The SHARE Blog

Still seeking “a strong and lasting peace”

January 18, 2013

This 16th of January, we commemorate 21 years since the signing of the Peace Accords.  After 12 years of armed conflict, Salvadorans finally arrived at an agreement between the two parties, and ended a war that originated from social injustice, repression, and lack of personal liberties.  The consequences of this war included more than 75,000 people assassinated, thousands of people disappeared, children orphaned, refugees and displaced persons, and much destruction.

1992 Peace Accords_Chapultepec

Signing of the 1992 Peace Accords in Chapultepec, Mexico.

The signing of the Accords brought many important advances in the democratization of the country, such as the disbanding of the repressive forces, reduction of the armed forces, and the creation of new institutions like the Human Rights Ombudsman and the National Civil Police, among others.  However, the same cannot be said in terms of the economic situation.  El Salvador continues as one of the countries with the highest levels of economic inequality, where a small group of families receive more than half the country’s income, while the majority of the population lacks the resources to meet their basic needs.  The lack of economic opportunities has greatly influenced Salvadorans’ decisions to immigrate to the United States.  The Social Economic Forum created by the Peace Accords to address these issues produced no results.

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Radio Victoria Broadcasts for the People, despite Threats

January 17, 2013

The National Roundtable Against Metallic Mining in El Salvador (the Mesa) needs international support in order to make demands of the affected populations of El Salvador heard by policy-makers. Please help us support the fight against mining by signing this petitionThe petition calls on the Milwaukee-based mining company Commerce Group (1) to cease further mining pursuits in San Sebastian, El Salvador, (2) to take responsibility for the environmental contamination, and (3) to drop its court case against the Salvadoran government under CAFTA (Central American Free Trade Agreement).

Radio Victoria's programming coordinator sat down with Drew Theological school students and SHARE's Sarah Hall (left) to talk about the Radio's history and presence in the anti-mining struggle.

Radio Victoria’s programming coordinator sat down with Drew Theological school students and SHARE’s Sarah Hall (left) to talk about the Radio’s history and presence in the anti-mining struggle.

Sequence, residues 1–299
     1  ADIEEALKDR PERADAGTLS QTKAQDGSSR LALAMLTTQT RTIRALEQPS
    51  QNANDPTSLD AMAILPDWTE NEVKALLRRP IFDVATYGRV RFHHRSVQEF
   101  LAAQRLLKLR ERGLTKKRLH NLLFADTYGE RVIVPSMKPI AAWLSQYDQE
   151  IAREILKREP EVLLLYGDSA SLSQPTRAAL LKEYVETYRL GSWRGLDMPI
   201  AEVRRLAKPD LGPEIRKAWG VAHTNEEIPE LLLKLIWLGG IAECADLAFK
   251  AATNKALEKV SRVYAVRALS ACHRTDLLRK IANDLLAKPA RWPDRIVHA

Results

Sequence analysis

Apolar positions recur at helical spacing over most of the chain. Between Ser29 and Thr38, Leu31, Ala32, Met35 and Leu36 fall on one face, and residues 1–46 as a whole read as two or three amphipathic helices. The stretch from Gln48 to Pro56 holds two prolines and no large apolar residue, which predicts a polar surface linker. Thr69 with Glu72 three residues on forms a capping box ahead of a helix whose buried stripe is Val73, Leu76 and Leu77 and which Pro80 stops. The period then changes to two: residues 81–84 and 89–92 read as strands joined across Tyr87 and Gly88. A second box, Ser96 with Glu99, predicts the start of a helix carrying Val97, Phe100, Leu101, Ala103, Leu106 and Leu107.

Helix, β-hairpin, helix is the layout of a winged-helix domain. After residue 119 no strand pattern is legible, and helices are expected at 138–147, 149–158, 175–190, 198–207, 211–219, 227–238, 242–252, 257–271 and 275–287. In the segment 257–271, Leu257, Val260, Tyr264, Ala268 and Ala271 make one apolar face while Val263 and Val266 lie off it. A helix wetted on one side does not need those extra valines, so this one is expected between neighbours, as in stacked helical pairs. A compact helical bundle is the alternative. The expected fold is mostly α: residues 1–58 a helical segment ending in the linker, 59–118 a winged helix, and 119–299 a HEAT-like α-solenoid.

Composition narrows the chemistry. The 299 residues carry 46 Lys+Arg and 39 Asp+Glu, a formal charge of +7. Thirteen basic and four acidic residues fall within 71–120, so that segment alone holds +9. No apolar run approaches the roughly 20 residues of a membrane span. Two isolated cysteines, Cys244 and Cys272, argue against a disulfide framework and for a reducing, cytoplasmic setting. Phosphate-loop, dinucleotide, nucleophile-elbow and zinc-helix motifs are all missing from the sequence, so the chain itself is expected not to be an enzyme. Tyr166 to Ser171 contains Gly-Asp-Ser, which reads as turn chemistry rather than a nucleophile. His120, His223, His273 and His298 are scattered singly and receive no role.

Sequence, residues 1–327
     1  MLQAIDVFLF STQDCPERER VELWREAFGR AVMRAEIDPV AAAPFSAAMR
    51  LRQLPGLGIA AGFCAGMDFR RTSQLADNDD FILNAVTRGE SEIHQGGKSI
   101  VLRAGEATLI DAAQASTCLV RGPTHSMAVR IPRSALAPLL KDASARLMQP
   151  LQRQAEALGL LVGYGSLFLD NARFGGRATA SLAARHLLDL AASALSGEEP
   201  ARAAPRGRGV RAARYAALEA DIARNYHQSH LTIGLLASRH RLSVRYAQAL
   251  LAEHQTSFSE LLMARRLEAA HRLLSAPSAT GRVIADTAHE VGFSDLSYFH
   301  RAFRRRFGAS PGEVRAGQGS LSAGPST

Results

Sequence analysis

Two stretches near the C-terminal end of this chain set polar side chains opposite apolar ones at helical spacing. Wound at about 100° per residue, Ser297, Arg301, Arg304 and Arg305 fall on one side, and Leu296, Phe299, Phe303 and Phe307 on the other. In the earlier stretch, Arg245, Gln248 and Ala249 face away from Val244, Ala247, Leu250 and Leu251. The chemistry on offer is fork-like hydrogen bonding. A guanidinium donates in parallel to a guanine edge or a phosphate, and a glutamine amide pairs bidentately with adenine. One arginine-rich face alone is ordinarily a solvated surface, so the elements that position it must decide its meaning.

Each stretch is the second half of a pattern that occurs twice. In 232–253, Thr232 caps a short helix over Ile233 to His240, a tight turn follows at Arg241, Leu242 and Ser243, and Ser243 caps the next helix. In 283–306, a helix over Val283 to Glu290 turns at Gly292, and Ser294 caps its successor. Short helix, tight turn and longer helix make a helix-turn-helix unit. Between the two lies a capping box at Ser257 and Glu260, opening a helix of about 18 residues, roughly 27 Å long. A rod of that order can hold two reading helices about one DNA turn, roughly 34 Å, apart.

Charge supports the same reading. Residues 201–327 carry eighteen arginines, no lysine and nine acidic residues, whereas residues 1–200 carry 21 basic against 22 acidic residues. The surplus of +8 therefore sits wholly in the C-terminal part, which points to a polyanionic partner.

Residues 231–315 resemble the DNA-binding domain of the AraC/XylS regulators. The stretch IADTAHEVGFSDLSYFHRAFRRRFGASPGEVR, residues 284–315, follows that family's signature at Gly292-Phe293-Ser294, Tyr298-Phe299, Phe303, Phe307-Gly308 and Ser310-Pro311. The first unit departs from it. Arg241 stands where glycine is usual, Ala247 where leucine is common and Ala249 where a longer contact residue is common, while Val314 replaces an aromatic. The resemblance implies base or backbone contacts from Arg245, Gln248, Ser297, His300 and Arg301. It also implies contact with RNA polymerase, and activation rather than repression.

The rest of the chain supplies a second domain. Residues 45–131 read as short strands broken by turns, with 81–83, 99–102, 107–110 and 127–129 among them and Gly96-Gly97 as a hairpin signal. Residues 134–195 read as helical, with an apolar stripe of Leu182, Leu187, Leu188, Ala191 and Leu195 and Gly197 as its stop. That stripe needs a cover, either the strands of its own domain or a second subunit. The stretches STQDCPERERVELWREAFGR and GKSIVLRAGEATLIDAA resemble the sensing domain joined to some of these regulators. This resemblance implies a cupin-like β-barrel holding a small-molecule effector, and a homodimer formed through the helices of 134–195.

With Canadian mining company Pacific Rim threatening to invade El Salvador’s countryside, Radio Victoria wants to bring awareness to Salvadorans about the potentially fatal effects of mining. Radio Victoria, a member organization of the Mesa, broadcasts to the rural communities surrounding Ciudad Victoria within the Cabañas region, using their presence to spread awareness on a global level.

On Tuesday, January 15th, students from the Drew Theological School delegation met with Radio Victoria’s programming coordinator to discuss the beginnings of Radio Victoria and its current role in society. According to the coordinator, refugees founded Radio Victoria upon their return to Santa Marta in 1987 after fleeing to Honduras during the war.

Because many guerrilla fighters occupied Santa Marta, there were rumors surrounding the community that these members of Ciudad Victoria were “people of a different kind”, and therefore unworthy of having their city rebuilt. To dispel these rumors and bring a voice to the marginalized rural populations, members of the community created Radio Victoria and made their first broadcast on June 15, 1993. According to the programming coordinator, “it was a magical experience to hear family and friends send out their messages”.

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Youth Leaders Arrested

January 14, 2013

Police showed up dressed in all black, pulling young people out of community centers to arrest "suspected gang members". Photo from The Guardian: Sri Lanka

Police showed up dressed in all black, pulling young people out of community centers to arrest “suspected gang members”. Photo from The Guardian: Sri Lanka